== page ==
Teresa Frisan's Group

Our laboratory is interested in understanding the carcinogenic properties of chronic infection with CDT-producing bacteria. For this purpose, we need to understand several issues associated with CDT biology, such as toxin internalization, induction of genomic instability, tissue remodelling in in vitro and in vivo models, and characterization of survival signals activated by the intoxication.

Chronic inflammations and infections are associated with an increased risk for cancer development. However, the mechanisms by which bacterial infections contribute to carcinogenesis are poorly characterized. Chronic inflammation has been proposed as a key event in bacterial oncogenesis. However, accumulating evidence indicates that bacteria could also play a more direct role in the induction of DNA damage via the production of genotoxins that may enhance the tumor promoting effect of chronic inflammation. The best-characterized bacterial genotoxins are the cytolethal distending toxins (CDTs) produced by several Gram-negative bacteria, such as Escherichia coli and Salmonella enterica.

Active CDTs consist of three subunits: CdtA, CdtB and CdtC. The enzymatically active subunit, CdtB, shares structural and functional homology with mammalian deoxyribonuclease I (DNase I), while the CdtA and CdtC subunits contain ricin-like lectin domains that are involved in toxin internalization. Translocation of CdtB to the nucleus of intoxicated cells is accompanied by the induction of DNA double-strand breaks and triggering of an Ataxia telangiectasia mutated (ATM)-dependent DNA damage responses (DDR). Depending on the cell type and dose of toxin, the DDR response and its anti tumor activity is counteracted by the concomitant triggering of survival signals mediated by activation of the guanine nucleotide exchange factor Net1, the RhoA GTPase, and its down-stream effector p38 MAP kinase (MAPK).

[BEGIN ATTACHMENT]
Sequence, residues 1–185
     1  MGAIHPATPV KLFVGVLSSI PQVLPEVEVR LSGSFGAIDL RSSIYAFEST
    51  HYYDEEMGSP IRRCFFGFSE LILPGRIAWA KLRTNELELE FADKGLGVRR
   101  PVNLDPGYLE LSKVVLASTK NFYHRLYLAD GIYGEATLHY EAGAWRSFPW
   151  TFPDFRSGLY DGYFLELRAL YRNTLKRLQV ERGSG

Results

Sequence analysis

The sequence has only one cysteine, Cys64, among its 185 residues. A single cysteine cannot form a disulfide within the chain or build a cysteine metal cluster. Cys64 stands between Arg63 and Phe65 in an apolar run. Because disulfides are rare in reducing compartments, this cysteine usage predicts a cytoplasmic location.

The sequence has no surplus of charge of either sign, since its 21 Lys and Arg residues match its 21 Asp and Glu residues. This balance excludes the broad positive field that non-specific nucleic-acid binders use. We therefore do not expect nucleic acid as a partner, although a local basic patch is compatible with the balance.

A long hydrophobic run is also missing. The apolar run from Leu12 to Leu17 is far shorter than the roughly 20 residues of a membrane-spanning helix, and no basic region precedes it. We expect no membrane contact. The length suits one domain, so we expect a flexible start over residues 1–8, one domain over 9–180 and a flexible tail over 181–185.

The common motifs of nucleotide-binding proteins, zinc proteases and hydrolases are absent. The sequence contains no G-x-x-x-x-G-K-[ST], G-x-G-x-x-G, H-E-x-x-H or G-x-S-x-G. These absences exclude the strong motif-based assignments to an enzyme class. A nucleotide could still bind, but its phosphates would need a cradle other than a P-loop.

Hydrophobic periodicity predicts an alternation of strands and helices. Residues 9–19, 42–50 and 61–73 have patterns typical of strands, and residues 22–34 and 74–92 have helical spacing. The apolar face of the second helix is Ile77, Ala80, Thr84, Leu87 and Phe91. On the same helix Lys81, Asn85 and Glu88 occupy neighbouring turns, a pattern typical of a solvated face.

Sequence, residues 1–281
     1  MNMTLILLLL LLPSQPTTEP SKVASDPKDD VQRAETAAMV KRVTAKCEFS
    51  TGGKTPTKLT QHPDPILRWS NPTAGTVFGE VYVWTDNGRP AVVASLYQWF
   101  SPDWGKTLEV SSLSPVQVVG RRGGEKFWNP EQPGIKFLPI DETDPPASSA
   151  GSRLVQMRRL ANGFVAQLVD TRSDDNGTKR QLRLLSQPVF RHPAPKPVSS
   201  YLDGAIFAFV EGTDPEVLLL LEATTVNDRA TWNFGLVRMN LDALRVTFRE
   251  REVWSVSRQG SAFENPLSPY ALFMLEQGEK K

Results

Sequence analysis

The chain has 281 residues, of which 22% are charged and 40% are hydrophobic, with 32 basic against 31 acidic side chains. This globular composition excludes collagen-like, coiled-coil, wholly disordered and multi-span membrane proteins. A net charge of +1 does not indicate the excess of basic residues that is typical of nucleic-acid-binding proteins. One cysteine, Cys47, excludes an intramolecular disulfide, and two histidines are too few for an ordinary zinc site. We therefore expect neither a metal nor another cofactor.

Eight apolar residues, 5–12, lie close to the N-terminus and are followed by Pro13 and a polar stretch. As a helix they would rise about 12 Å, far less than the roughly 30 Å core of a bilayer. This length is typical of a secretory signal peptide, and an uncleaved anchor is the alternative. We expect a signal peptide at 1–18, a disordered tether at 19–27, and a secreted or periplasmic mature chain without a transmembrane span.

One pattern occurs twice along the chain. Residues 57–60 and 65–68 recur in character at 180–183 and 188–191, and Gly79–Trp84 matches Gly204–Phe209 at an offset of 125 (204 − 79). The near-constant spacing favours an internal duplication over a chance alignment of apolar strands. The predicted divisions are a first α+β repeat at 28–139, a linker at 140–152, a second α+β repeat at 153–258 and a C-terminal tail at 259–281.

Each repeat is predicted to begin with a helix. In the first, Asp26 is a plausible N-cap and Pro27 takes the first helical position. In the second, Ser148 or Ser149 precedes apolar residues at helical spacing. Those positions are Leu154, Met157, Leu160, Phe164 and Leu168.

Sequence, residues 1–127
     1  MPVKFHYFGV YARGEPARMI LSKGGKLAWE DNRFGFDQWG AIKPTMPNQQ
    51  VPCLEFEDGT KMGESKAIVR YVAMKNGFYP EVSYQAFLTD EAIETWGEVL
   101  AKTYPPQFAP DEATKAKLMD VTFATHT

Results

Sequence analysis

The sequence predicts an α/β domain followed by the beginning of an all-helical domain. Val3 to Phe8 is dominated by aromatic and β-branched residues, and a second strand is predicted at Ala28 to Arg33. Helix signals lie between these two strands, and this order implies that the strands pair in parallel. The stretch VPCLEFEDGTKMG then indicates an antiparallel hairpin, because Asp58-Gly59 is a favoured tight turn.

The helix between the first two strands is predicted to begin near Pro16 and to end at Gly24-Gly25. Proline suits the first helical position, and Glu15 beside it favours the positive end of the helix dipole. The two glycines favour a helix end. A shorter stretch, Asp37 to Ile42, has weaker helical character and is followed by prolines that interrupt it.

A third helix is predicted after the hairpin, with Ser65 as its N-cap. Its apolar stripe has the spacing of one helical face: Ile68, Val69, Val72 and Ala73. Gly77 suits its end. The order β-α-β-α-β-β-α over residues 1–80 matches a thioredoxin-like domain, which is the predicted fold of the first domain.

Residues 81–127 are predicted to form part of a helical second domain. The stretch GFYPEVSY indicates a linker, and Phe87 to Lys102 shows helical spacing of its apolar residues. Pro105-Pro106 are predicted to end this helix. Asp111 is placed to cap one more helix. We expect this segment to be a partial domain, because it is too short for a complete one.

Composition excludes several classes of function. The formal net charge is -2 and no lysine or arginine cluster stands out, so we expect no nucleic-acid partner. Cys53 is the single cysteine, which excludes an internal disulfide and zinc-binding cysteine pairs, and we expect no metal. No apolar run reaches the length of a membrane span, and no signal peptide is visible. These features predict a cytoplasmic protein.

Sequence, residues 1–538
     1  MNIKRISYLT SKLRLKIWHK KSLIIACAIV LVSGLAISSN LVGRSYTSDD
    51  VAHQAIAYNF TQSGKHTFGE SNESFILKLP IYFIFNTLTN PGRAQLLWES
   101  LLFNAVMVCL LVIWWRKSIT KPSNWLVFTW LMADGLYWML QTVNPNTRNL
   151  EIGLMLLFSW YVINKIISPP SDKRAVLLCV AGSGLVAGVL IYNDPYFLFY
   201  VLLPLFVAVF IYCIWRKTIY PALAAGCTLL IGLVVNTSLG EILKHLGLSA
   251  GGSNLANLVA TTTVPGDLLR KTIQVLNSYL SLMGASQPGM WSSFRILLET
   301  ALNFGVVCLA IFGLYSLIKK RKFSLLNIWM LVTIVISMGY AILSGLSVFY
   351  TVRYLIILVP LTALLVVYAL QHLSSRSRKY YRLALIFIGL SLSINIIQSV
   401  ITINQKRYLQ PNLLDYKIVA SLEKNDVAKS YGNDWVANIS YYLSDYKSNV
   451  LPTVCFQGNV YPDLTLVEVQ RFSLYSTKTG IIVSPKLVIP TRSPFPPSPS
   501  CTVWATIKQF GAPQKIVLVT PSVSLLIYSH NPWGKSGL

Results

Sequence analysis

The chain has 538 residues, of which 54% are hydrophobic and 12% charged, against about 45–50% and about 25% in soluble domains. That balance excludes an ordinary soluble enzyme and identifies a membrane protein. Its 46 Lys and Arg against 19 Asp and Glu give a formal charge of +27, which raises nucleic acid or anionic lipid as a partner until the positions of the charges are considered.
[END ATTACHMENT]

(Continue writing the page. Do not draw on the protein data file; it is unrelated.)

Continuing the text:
Group members

Javier AvilaAssociated
Teresa FrisanAssociated

Selected Publications

Salmonella enterica delivers its genotoxin through outer membrane vesicles secreted from infected cells.
Guidi R, Levi L, Rouf S, Puiac S, Rhen M, Frisan T
Cell. Microbiol. 2013 Dec;15(12):2034-50

Chronic exposure to the cytolethal distending toxins of Gram-negative bacteria promotes genomic instability and altered DNA damage response.
Guidi R, Guerra L, Levi L, Stenerlöw B, Fox J, Josenhans C, et al
Cell. Microbiol. 2013 Jan;15(1):98-113

Ubiquitin C-terminal hydrolase-L1 interacts with adhesion complexes and promotes cell migration, survival, and anchorage independent growth.
Frisan T, Coppotelli G, Dryselius R, Masucci M
FASEB J. 2012 Dec;26(12):5060-70

Bacterial genotoxin triggers FEN1-dependent RhoA activation, cytoskeleton remodeling and cell survival.
Guerra L, Guidi R, Slot I, Callegari S, Sompallae R, Pickett C, et al
J. Cell. Sci. 2011 Aug;124(Pt 16):2735-42

The ubiquitin C-terminal hydrolase UCH-L1 promotes bacterial invasion by altering the dynamics of the actin cytoskeleton.
Bassères E, Coppotelli G, Pfirrmann T, Andersen J, Masucci M, Frisan T
Cell. Microbiol. 2010 Nov;12(11):1622-33

BacteriaCell and Molecular BiologyGenomics